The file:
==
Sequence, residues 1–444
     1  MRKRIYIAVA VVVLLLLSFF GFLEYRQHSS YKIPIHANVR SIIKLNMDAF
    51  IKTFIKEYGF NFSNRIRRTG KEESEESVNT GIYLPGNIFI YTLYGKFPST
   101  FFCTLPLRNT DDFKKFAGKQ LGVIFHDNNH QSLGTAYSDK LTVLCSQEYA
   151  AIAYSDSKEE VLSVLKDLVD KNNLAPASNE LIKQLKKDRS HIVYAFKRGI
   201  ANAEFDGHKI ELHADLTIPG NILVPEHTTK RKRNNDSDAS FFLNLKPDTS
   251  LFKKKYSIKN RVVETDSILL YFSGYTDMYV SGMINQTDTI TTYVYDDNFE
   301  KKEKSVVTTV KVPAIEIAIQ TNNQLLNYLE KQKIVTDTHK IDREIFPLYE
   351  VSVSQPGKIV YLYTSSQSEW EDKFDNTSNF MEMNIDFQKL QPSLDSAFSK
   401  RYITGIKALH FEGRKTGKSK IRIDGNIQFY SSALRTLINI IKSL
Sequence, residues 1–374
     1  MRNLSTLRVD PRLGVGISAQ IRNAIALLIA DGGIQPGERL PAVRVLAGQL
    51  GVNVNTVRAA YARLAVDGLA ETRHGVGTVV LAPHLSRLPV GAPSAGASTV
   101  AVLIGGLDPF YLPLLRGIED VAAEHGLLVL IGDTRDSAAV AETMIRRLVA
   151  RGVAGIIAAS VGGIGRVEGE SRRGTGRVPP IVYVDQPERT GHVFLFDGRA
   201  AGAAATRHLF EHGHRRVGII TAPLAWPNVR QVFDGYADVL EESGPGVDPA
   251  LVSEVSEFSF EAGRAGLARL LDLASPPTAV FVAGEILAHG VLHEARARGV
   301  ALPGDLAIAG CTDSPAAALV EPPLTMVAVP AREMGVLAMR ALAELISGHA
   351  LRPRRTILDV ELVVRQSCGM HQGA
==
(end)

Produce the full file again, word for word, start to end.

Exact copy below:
Sequence, residues 1–444
     1  MRKRIYIAVA VVVLLLLSFF GFLEYRQHSS YKIPIHANVR SIIKLNMDAF
    51  IKTFIKEYGF NFSNRIRRTG KEESEESVNT GIYLPGNIFI YTLYGKFPST
   101  FFCTLPLRNT DDFKKFAGKQ LGVIFHDNNH QSLGTAYSDK LTVLCSQEYA
   151  AIAYSDSKEE VLSVLKDLVD KNNLAPASNE LIKQLKKDRS HIVYAFKRGI
   201  ANAEFDGHKI ELHADLTIPG NILVPEHTTK RKRNNDSDAS FFLNLKPDTS
   251  LFKKKYSIKN RVVETDSILL YFSGYTDMYV SGMINQTDTI TTYVYDDNFE
   301  KKEKSVVTTV KVPAIEIAIQ TNNQLLNYLE KQKIVTDTHK IDREIFPLYE
   351  VSVSQPGKIV YLYTSSQSEW EDKFDNTSNF MEMNIDFQKL QPSLDSAFSK
   401  RYITGIKALH FEGRKTGKSK IRIDGNIQFY SSALRTLINI IKSL
Sequence, residues 1–374
     1  MRNLSTLRVD PRLGVGISAQ IRNAIALLIA DGGIQPGERL PAVRVLAGQL
    51  GVNVNTVRAA YARLAVDGLA ETRHGVGTVV LAPHLSRLPV GAPSAGASTV
   101  AVLIGGLDPF YLPLLRGIED VAAEHGLLVL IGDTRDSAAV AETMIRRLVA
   151  RGVAGIIAAS VGGIGRVEGE SRRGTGRVPP IVYVDQPERT GHVFLFDGRA
   201  AGAAATRHLF EHGHRRVGII TAPLAWPNVR QVFDGYADVL EESGPGVDPA
   251  LVSEVSEFSF EAGRAGLARL LDLASPPTAV FVAGEILAHG VLHEARARGV
   301  ALPGDLAIAG CTDSPAAALV EPPLTMVAVP AREMGVLAMR ALAELISGHA
   351  LRPRRTILDV ELVVRQSCGM HQGA